Novel PartStiff and PartFlex methods for modeling and solving without assembling: How can it be possible?

At LMSSC, Paris, March 25th 2024, 1.30 p.m.

K.C. Park
Professor Emeritus, Aerospace Mechanics Research Center (AMReC),
Ann and H. J. Smead Aerospace Engineering Sciences,
College of Engineering and Applied Science, University of Colorado, Boulder, USA

An initial outcome from this curiosity led us to develop a PartStiff (unassembled stiffness) method which has been successfully applied, in a proof-of-concept stage, to efficient implicit-explicit transient algorithms, new parallel solution algorithms, reduced-order modeling, structural health monitoring, and topology optimization, among others. We will first present the PartStiff method and its applications.

Pursuing my curiosity further, I have revisited the efficacies of the century-old force method in terms of unassembled context. This is because the force (flexibility) method was effectively abandoned in 1967 when NASA eliminated it from its further developments due to “the greater complexity of its mathematics and the greater density of its matrices” even though the force method was viewed as “more efficient for analyzing the effects of design changes”.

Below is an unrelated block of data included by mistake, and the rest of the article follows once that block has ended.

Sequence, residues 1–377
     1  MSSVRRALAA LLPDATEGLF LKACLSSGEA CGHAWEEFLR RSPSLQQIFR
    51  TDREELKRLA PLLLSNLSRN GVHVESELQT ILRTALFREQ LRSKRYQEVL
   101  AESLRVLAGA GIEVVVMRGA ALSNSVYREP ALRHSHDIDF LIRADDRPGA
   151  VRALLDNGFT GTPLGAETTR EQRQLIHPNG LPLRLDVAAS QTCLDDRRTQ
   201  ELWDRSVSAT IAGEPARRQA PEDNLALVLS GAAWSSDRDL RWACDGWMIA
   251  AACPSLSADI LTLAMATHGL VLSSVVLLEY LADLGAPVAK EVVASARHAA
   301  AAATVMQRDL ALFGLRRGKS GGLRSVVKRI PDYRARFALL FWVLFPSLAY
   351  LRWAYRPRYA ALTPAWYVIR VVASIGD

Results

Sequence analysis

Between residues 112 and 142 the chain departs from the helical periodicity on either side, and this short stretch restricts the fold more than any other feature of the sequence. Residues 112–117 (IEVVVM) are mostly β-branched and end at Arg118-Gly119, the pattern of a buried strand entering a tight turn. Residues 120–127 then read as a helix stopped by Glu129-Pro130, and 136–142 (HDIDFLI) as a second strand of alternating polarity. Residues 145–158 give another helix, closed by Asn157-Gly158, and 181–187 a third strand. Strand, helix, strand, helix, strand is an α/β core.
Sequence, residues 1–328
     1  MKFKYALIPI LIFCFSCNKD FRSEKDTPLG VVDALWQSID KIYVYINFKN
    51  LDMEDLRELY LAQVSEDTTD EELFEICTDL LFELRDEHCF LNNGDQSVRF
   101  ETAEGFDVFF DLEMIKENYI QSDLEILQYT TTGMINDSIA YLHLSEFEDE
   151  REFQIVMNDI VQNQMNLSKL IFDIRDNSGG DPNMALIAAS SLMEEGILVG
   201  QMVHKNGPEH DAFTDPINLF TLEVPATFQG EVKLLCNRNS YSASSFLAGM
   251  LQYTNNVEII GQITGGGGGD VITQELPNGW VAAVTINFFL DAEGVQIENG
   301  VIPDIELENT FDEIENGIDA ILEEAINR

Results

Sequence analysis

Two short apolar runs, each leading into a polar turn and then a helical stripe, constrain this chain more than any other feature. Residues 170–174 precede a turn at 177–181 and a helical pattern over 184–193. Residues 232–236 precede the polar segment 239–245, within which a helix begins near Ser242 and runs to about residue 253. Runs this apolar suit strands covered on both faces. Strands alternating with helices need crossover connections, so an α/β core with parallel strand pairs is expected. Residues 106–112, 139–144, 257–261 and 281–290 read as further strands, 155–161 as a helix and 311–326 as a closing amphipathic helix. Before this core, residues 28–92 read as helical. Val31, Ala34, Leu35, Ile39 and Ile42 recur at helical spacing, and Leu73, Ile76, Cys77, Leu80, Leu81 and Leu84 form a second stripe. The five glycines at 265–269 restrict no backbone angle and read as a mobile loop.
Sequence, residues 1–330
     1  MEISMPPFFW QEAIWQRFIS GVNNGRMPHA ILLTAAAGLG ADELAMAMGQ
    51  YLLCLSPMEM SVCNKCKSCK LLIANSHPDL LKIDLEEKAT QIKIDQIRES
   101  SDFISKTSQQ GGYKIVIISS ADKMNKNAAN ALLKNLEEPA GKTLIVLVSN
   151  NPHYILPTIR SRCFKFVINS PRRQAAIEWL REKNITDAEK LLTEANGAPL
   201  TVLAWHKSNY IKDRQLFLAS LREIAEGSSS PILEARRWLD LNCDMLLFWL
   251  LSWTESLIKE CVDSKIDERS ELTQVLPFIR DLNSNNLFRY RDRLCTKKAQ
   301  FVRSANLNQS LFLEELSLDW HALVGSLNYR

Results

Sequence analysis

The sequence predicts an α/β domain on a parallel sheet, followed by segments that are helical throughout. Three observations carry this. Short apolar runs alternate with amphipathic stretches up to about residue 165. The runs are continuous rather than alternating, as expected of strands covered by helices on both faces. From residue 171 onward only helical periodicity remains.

I am happy to present the PartFlex (unassembled flexibility) method as a dual of the PartStiff method. As expected, the PartFlex method is shown to alleviate the mathematical complexities of the classical force method and its flexibility matrix yields the same matrix profile as that of its dual PartStiff method while possessing the very telling advantage of efficiently analyzing the effects of design changes.

Applications of both the PartStiff and PartFlex method are illustrated for a variety of mechanics problems, including localized damage detection, reduced-order modeling(CMS), design modifications, topology optimization, data-driven NN modeling, efficient solution of large heterogeneous systems, among others.